The Maasai Wilderness Conservation Trust (MWCT) is taking the initiative on restoration by providing the Maasai community of Kuku Group Ranch with sustainable solutions to help  restore degraded lands for the wellbeing of current and future generations.

Before establishing each restoration project, MWCT conducts a series of meetings, workshops and horizontal learning trips with local group ranch leaders to address the issue of land degradation and explore possible interventions. Thereafter, the information is shared with the wider community through training and community outreaches. Alongside this, MWCT works with community members to map out the locations of degraded areas in the community. 

Following this process, MWCT collaborates with other organizations such as Justdiggit and the local Maasai people to establish conservation-oriented sustainable interventions, such as constructing water bunds and establishing grass seed banks.

Once these projects are established, they act as demonstration sites for local and neighboring communities to visit in order to learn how to replicate the interventions in their own areas.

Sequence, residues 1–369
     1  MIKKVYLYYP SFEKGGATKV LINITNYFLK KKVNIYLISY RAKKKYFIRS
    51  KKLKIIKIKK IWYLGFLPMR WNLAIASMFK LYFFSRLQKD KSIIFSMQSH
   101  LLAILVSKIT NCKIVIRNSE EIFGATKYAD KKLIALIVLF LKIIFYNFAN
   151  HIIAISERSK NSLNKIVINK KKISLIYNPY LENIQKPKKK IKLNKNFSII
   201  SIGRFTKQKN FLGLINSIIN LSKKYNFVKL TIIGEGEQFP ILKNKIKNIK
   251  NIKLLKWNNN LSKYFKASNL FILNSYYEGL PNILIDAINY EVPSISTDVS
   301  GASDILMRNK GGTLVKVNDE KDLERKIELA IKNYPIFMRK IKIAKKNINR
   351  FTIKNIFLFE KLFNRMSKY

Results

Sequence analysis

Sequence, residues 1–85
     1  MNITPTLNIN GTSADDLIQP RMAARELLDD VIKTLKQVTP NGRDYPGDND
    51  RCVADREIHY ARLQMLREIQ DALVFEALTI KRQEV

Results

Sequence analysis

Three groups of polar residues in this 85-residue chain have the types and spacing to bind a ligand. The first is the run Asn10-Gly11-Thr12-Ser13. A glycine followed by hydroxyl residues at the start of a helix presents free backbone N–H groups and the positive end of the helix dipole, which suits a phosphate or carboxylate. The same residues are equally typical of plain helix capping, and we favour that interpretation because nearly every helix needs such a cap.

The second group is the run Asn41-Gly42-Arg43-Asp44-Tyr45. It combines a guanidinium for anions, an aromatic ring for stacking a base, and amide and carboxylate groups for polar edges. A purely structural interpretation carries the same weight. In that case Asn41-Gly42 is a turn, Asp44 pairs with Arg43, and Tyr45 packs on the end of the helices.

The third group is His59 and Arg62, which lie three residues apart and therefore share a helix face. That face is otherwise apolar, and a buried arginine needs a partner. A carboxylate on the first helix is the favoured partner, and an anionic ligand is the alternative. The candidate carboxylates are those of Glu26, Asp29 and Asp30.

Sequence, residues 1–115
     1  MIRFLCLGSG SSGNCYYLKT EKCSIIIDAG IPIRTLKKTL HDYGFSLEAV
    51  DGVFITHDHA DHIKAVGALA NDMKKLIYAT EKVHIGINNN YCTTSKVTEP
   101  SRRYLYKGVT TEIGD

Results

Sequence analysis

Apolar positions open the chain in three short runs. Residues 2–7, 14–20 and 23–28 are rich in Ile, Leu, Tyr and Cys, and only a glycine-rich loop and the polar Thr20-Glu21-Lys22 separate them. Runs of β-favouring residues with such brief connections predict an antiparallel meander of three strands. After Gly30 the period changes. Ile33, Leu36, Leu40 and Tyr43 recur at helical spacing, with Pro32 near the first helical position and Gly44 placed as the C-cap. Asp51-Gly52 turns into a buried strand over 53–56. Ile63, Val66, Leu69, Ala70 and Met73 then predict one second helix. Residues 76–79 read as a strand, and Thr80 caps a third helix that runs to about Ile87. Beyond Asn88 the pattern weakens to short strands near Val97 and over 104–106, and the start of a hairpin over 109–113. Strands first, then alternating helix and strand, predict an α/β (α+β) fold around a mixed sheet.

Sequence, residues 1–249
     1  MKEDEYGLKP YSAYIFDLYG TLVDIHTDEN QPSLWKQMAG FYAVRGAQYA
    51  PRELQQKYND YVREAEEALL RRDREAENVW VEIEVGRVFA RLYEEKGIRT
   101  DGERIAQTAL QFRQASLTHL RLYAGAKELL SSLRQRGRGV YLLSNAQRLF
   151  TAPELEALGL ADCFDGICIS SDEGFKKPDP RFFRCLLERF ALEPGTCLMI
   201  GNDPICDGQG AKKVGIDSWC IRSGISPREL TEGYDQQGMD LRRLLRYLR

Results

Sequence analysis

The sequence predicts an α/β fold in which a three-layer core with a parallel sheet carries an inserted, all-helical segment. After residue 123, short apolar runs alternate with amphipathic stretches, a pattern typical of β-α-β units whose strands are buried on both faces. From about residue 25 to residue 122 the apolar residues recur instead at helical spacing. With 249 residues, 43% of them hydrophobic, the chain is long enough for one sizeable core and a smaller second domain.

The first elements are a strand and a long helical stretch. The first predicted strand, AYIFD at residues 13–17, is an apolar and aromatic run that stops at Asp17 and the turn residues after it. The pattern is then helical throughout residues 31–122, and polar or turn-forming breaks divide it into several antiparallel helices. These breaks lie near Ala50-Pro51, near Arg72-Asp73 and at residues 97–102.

The success of the restoration projects, and the direct benefits to the community – such as increased employment – have made it easy to conduct successful community outreaches raising awareness on the importance of land restoration. MWCT has also supported the community to establish grazing committees, which govern the use of restored rangelands. Through the local grazing committees, we can address the issue of overgrazing and facilitate rotational grazing on the restored sites to improve livestock husbandry.

We believe that the future of restoration in Kuku Group Ranch lies with the community’s young people, so we target them through school outreaches and inform them about the importance of restoration and how to restore the land. The women who run the Moilo Grass Seedbank, the first of its kind in the community, also intend to involve young people in their project through the provision of trees from the grass seed bank tree nursery, which they intend to establish using some of the funds provided by GLF.

With the support of GLF, the Moilo Grass Seedbank women will be able to do more community training on how to establish grass seed banks, and on the opportunities and benefits associated with land restoration. 

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